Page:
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I'm trying to make a recursive definition that reads and execute user expressions, such as (3 + 5). Everything is working, except of one problem with the arithmetic symbol.

I managed to replicate the error in a simpler example:

(define v '(1 + 3))

((cadr v) 2 4)

The (cadr v) is the + symbol, but for some reason the procedure can't be executed on the two arguments that followed. Am I missing something?

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The symbol '+ is not the same as the function +; use eval as explained by Oscar and soulcheck to turn the former into the latter. – Dan Burton Feb 19 '12 at 17:23
I don't think 'eval' is the right choice here--I blather more below. – John Clements Feb 20 '12 at 2:46

4 Answers 4

I think that's because

(cadr v)

returns '+ not + (literal + not a + function).

You need to evaluate it before applying it to arguments.

This should work:

((eval (cadr v)) 2 4)
 ^evaluates the '+ to +

edit This worked in racket in interactive mode.

I'm not really sure what's the difference, but made it work in r5rs mode in racket (a script):

#lang r5rs

;required by r5rs
(define user-initial-environment (scheme-report-environment 5))

(define v '(1 + 2))

;eval expects a quoted expression
;(it seems that if it's a function it has to have arguments too)
;and evaluation environment.
((eval (cadr v)  user-initial-environment) 2 4)
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I tried using eval, but it doesn't work as I hoped. Is it because I set my language to R5RS? – Orie Stone Feb 19 '12 at 13:25
I got a new error, procedure meval: expects 2 arguments, given 1: + – Orie Stone Feb 19 '12 at 13:45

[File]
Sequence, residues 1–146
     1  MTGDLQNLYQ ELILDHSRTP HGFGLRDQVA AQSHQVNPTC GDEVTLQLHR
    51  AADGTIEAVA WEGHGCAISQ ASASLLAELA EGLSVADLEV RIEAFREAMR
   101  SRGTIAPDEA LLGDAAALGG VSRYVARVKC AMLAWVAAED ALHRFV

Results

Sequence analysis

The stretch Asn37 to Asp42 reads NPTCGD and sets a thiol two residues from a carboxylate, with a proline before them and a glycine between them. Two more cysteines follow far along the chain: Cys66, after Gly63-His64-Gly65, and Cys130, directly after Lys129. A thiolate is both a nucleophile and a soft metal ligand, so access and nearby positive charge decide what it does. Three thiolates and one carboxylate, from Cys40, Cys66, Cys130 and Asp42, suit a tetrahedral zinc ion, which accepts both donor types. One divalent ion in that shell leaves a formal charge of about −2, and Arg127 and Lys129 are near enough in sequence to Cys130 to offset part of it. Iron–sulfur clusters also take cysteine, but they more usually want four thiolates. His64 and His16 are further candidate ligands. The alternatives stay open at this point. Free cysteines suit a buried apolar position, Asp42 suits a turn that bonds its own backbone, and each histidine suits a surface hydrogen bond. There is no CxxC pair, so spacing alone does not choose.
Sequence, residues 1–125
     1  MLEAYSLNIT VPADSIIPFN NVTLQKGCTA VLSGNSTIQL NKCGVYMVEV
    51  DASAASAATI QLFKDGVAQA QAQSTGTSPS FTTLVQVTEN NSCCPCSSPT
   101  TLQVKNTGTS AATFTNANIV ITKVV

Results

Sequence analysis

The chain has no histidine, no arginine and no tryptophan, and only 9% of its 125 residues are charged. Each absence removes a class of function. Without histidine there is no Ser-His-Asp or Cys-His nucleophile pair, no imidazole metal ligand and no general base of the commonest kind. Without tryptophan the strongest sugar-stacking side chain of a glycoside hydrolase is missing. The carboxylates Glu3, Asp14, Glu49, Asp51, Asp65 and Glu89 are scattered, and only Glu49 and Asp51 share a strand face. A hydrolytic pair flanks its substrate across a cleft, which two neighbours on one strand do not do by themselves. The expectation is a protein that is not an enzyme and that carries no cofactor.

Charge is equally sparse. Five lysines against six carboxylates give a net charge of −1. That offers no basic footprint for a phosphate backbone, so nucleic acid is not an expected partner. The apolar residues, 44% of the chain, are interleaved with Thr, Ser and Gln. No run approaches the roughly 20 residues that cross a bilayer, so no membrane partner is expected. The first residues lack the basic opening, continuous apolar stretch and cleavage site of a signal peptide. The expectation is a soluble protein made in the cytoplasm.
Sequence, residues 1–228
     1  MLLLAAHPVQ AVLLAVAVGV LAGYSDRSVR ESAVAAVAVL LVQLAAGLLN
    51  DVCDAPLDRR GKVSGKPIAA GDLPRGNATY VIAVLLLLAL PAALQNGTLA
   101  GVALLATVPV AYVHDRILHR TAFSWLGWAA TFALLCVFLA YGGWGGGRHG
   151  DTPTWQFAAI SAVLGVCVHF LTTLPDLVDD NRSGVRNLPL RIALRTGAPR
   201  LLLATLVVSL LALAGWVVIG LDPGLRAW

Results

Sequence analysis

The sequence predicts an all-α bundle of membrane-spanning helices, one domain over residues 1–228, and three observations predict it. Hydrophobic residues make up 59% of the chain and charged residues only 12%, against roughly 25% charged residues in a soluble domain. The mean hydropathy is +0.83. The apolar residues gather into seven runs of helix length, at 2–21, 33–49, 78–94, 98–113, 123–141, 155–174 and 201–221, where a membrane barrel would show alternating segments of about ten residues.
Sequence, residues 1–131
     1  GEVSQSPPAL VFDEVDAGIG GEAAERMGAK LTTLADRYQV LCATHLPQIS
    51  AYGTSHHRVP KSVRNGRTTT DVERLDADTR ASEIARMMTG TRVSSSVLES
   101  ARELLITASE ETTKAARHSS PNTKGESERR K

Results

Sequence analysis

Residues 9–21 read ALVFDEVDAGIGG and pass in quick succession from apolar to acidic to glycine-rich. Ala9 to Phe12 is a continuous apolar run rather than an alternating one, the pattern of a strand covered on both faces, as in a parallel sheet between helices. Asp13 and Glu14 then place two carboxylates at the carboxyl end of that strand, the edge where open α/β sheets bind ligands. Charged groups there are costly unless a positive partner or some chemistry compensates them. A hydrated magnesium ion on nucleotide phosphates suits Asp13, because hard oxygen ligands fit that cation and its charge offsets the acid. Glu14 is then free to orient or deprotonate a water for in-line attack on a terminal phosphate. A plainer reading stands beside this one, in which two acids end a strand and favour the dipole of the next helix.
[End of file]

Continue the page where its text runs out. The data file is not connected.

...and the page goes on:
@OrieStone sorry i tried it in racket and clojure. eval works differently there. – soulcheck Feb 19 '12 at 13:51
I also use DrRacket... what's going on? – Orie Stone Feb 19 '12 at 14:09
@OrieStone Racket's eval function takes two arguments as you can read here. The second argument is a namespace that eval uses to get its bindings. If you run soulcheck's example in DrRacket, you'll need to supply the optional namespace argument ((make-base-namespace) should work) unless you're in the interactions area. – Asumu Takikawa Feb 19 '12 at 15:12

As others have pointed out, the problem is that the list you've constructed contains the symbol plus, rather than the function plus.

At its heart, this is the same reason that '(a b) returns a list of two symbols, rather than signalling an unbound identifier error; the quote starts a term in a "data language" where legal identifiers are interpreted as symbols, rather than as variable references.

The question, of course, is what you should do about it. Some here have suggested using 'eval'; this is probably a bad idea, for reasons that I think Matthew Flatt captures elegantly in his blog post on the topic.

Instead, you should probably write a simple mapping function. Here's the way I'd write it. If you use my code in an assignment, be sure to credit me :).

#lang racket

;; a mapping from symbols to operators
(define operator-hash
  (hash '+ +
        '- -
        '* *))
;; ... and whatever other operators you want.

;; example of using it:
(hash-ref operator-hash '+) ;; ==> +
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Try this:

(define v '(1 + 3))

(let ((operator (eval (cadr v)))
      (operand1 (car v))
      (operand2 (caddr v)))
  (apply operator (list operand1 operand2)))
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You can do it this way with eval in Guile:

(define (infix-eval v)
   (eval (list (cadr v)(car v)(caddr v))

> (infix-eval '(1 + 2))

Rather than using interaction-environment, you could supply another environment for evaluation, where you could also define some other symbols not found in standard Scheme, so that expressions like (7 % 3) and (2 ^ 6) would also work.

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